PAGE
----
I did use the Eduard Photo etch instrument panel. It was not one of the prepainted one but it had a satin finish and was a dark gray on the fret so I used it as it came. I added some PE levers to the center console but did not replace the kit supplied parts.

Although not much of it will be seen the balance of the interior was nice as well. I decided since it wasn't all that well seen to leave out the side seats and they weren't all that well detailed and painting all of the molded on seatbelts would have been a pain. The seats were normally stowed when being used to haul freight anyway.

With the interior done the fuselage was glued together.

Everything fit quite nice and the window glazings even fit well and flush to the exterior which many kit makers seem to have problems with.

With that done the wings were assembled, no wheel wells to deal with so very simple and the fit was good. I left off the flying control surfaces for fear of damaging them later on. In spite of this I still managed to break off some of the mounting points which I had to replace later on.

Even the upper fuselage had detail on it, some light fixtures and a winch frame.

I could have done without this on the lower fuselage but it wasn't that hard to remove.

The upper and lower fuselage parts fit nearly perfect and with the seams on natural panel lines made for a neat assembly without the need of and seam fillers.

I did need to use a little filler here and there, mostly on the non corrugated areas like the lower nose.

The upper nose.

And back ahead of the tail.

Wings and tail were installed and all fit extremely well.

The wing to fuselage joints were perfect requiring no filler, so far I'm really loving this kit.

Tail planes only required a bit of glue squeeze out to take care of seams there.

I used the tail braces at this point to insure that the tail planes were mounted correctly, they were not glued so they could be removed for painting, this would cause me grief later on.

I added some ignition wiring to the engines, the exhaust manifolds on the back did not fit all that well but really can only be seen on the center engine. I managed to glue the manifold on the center engine 180 out of position which would also cause me grief later.

All three engines ready for mounting.

At this point the primary colors were painted on, like most German splinter schemes it requires a lot of tedious masking. I had decided I wanted to do a paint scheme a little out of the ordinary so chose the one in the profile below. I found one photo of the actual aircraft which was helpful since it was taken from the opposite side than the profile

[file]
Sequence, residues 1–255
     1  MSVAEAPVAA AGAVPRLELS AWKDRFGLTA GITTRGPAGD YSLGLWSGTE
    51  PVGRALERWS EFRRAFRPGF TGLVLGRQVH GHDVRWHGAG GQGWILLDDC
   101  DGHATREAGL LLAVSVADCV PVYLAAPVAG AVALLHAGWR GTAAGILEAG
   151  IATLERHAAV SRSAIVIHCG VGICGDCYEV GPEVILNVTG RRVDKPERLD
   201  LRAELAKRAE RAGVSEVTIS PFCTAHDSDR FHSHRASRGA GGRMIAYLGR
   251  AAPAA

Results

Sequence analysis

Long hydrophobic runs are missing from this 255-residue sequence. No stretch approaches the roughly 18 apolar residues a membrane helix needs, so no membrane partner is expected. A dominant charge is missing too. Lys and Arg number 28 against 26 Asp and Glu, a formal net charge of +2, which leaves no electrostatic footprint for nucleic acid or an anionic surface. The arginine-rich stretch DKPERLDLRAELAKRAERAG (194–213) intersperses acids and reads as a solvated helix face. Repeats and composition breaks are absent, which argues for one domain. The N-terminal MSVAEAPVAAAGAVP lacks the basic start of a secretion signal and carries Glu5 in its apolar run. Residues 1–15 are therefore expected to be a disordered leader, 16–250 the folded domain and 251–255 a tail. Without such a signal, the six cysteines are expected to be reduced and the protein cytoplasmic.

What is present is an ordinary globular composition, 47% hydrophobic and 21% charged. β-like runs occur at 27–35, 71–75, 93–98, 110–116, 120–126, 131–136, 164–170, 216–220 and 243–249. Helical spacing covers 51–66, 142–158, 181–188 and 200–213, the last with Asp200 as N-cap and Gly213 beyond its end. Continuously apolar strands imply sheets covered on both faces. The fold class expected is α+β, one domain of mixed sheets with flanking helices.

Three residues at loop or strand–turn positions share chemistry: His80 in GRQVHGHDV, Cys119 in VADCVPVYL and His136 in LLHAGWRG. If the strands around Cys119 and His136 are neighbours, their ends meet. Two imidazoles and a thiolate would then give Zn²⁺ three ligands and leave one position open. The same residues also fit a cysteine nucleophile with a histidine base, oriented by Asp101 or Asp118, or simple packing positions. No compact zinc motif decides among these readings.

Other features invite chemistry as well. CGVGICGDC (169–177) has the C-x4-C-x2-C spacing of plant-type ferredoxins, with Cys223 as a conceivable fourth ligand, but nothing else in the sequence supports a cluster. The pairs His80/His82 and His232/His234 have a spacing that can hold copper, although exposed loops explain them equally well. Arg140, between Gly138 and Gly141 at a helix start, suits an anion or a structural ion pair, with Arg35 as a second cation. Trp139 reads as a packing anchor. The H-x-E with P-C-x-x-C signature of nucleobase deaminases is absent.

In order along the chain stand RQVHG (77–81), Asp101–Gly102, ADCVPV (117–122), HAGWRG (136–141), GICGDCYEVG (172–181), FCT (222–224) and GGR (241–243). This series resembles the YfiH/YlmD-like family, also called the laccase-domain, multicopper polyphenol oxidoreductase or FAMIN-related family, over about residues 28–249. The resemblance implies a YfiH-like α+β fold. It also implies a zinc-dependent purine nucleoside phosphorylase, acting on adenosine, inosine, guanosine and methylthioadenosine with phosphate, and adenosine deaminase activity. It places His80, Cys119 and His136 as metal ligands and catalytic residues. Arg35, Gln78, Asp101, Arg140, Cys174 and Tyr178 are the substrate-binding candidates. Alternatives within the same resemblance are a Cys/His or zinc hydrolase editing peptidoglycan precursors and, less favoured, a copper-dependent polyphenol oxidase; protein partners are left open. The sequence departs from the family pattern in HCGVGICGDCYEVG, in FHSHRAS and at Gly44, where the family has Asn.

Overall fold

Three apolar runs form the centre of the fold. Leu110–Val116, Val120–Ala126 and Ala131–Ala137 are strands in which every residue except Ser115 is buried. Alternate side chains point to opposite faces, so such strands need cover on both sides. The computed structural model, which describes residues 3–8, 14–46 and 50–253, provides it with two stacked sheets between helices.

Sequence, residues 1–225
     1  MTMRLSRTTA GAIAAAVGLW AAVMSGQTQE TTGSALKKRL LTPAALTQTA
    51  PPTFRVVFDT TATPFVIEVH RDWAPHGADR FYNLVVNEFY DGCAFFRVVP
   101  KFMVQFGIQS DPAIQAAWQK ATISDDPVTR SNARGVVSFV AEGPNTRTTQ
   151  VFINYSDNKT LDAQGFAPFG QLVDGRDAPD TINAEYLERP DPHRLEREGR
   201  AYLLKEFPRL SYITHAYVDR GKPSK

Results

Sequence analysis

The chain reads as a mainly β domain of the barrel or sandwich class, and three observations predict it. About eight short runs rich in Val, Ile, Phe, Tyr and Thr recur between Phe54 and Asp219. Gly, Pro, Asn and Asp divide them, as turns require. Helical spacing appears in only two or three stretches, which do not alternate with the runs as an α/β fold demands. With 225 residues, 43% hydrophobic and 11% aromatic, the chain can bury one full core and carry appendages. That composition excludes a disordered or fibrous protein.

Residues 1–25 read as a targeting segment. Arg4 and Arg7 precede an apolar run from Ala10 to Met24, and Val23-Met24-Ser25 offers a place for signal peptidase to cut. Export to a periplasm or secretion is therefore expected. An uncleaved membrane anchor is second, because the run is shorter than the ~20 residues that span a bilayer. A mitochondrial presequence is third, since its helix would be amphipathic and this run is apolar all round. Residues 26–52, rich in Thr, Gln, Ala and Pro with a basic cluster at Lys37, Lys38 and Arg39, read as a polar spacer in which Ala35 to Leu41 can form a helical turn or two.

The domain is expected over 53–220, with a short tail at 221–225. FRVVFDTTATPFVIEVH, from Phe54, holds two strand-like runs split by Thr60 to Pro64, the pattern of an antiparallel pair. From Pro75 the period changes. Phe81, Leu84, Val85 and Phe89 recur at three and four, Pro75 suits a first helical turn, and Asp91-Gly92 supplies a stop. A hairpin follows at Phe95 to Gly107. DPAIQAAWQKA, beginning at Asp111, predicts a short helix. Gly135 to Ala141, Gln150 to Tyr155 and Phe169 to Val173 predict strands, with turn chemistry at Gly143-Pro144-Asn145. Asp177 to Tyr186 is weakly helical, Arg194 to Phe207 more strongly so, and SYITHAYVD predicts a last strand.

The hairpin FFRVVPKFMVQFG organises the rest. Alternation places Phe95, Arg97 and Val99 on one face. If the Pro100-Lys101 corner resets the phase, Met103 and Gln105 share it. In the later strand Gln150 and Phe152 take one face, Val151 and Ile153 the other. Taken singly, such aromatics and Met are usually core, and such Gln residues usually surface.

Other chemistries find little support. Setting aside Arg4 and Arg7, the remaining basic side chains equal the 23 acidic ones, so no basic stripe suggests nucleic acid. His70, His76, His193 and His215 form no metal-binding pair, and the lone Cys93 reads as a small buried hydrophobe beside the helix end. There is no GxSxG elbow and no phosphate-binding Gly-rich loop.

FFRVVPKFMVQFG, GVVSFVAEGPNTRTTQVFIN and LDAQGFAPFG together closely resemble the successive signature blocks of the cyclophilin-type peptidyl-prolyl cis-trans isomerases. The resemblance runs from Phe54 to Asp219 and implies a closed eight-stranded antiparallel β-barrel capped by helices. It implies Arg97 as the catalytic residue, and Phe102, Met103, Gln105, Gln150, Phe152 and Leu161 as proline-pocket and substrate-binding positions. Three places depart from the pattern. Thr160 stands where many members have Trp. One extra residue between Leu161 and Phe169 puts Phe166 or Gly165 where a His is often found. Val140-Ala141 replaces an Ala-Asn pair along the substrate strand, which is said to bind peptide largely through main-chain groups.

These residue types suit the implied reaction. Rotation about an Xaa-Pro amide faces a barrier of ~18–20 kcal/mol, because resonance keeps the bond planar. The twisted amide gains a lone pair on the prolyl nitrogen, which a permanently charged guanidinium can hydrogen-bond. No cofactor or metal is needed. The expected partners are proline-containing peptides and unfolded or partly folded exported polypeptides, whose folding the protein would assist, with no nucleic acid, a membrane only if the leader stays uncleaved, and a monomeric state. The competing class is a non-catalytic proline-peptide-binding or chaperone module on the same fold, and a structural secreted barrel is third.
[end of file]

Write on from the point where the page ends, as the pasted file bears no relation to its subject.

I know some modelers could free hand this but my hands aren't steady enough nor my hand /eye coordination good enough so I ended up covering the entire upper surface with masking tape and drawing the pattern on it. The using a new X-acto knife blade carefully cut away the mask where the sand colored paint was to go. Again tedious but I was happy with the result.

You will notice I didn't paint the one horizontal stabilizer as it wasn't shown painted on the profile and couldn't be seen on the photo of the actual plane but you could see paint on the other side and it didn't make sense to me that they would not have painted it too. The scheme on the profile had to be mostly made up anyway as to the best of my knowledge no photograph of that side exists anyway. It bothered me enough that I eventually went back and painted it as you will see in the final photos.

I was a bit pushed to finish this one and did not take and photos during the final assembly stage. I had Eduard masks to paint on all the national markings and these came out much better than expected. As a result I made my own masks for the radio codes and they worked well too. No decals were used at all and I was relieved that I didn't need to struggle to get decals to settle over the corrugations. As I mentioned earlier I screwed up on the center engine exhaust manifolds and had to remove them as they contained the mounting key to fit the fuselage. In the process I broke several of them off and ended up replacing all of them with solder which worked quite well and since they were already silver, required no paint. The plane I was building had a field installed oil spray guard behind the center engine to keep oil off of the windscreen. I made this from a piece of aluminum soda can. I also had to make 6 new replacement mounts for the flying surfaces,  fortunately there were enough remaining to attach the surfaces to and I then made replacements for the missing ones out of some styrene strip. All in all I'm quite pleased with how it came out and the kit was a real pleasure to build as most everything fit as it should and I think I used less filler on this kit than any I have ever built.

I had a tough time photographing this rather large plane in the confines of my workshop so when I had a chance I took it outdoors for some natural light shots. When I cleaned up my work bench after completing this I found the pitot tube still on the bench so it is installed in the outdoor shots and missing on the indoor shots.

For some strange reason shots I took with the corrugations parallel to the direction of the shot I got weird interference patterns when I reduced the photo size, they didn't show on the photo when viewed full size..

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Updated 10/27/14